The one thing that all lawyers need, is to on their websites, isn’t great copy, isn’t terrific SEO, and it is not having the click to chat or video clips. It is more—simple than that!
The Lawyer Bio
The bio is the most important page on the legal website, and using your real name is crucial, potential clients want to know who you are.What makes you different than the next guy? Did you actually have a real job, or did you spend your life in school and go straight into law? Can non lawyers relate to you, or are you just an ego tripper?
Potential Clients Want to Know
The idea is to tell a story with your bio, where you attended law school, when did you go and what area of the law do you concentrate on. The large cases you have handled, and do you only practice personal injury or do you have a focus on another area of the law too.
Generally the potential client will want to know something about the attorney they may hire. This is the beginning of building a relationship of trust, and they want to make the best decision in their choice of a lawyer.
This is a story that needs to be interesting, something that will tell them how good you are at what you do. One that says yes, I am a real lawyer and this is how and why.
Tell a Good Story and Not Just Case Results
One of the most common things that attorneys do on their website is to have an example of cases they provided successful representation. This will have a name and then a six-figure settlement. Yes, its great to have this on your website, but what the potential client is looking for is to identify with the story. This means having a human side to this $300,000 judgment. This is something that will stay with the injured individual looking to hire a lawyer, and could be the difference in making the decision to call you or not.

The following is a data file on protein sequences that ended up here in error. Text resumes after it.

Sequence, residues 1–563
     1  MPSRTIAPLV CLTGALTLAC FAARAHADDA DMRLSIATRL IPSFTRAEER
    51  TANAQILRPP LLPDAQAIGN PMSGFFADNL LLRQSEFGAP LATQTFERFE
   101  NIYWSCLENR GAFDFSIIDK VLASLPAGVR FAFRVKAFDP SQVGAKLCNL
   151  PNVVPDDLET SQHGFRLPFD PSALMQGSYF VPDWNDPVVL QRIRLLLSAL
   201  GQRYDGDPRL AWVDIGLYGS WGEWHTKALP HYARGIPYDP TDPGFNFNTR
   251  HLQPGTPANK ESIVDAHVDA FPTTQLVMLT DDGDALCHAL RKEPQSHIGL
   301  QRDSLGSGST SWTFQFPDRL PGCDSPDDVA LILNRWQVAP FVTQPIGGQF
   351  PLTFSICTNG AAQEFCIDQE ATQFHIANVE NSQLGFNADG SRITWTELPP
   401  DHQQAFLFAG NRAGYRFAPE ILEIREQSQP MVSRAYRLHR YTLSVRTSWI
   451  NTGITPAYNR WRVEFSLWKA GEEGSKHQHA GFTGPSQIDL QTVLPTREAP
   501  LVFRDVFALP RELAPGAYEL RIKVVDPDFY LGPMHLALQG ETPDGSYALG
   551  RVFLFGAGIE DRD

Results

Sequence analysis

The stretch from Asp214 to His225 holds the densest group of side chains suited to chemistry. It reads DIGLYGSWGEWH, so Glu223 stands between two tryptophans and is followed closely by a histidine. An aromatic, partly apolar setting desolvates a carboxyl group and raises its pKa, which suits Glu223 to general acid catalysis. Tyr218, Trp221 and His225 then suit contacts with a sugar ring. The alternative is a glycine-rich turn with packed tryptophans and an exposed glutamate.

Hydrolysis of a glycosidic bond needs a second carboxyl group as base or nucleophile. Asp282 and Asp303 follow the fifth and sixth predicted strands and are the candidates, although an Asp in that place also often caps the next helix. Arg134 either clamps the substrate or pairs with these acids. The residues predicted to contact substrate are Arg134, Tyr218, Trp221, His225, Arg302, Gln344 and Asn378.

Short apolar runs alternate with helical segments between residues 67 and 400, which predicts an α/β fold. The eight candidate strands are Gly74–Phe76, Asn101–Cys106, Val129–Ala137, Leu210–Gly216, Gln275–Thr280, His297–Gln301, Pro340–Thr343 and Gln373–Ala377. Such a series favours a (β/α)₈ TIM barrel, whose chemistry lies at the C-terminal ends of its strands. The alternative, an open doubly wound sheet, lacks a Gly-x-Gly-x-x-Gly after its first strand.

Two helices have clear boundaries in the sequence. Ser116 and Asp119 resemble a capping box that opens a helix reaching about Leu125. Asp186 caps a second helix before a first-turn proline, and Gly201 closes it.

Forget the name and figure, make the case human!
Jane W. came to me because she had been in a car collision, which took place at an intersection and the driver that struck her vehicle in the passenger side was traveling at approximately 70 mph. The result was Jane was unable to work for a month, and was in and out of the hospital. During this entire ordeal, she was afraid of losing her job, when employment is difficult to find, due to so much downsizing in companies like the one she worked. This combined with the injuries was a stressful situation for Jane and her family.
The other driver denied that it was their fault, and the defendant blamed weather conditions making the road slick. Yes, it was raining that day, which often does make the roads slick, but what I pointed out to the jury was whether the conditions were rainy or not, a driver should not be traveling through an intersection at around 70 mph. This puts everyone at the intersection in danger when a driver is that careless. The defendant went through a red light, and at that speed, he was not even considering stopping for the traffic signal. This argument and the evidence won Jane W. a jury award of $300,000
This puts a different light on a judgment amount and on the lawyer, whose website a potential client is looking at, since they have now become a person, not just all about a dollar figure. This can make all the difference to a prospective client; they can feel comfortable calling, since you have shared one of your cases with them. They can see that the case was argued like they would want their rights to be protected.
The other pages on a website are important, but none are as important as letting a potential client know you are a professional, how you got to be there, why and how you fight for your clients.
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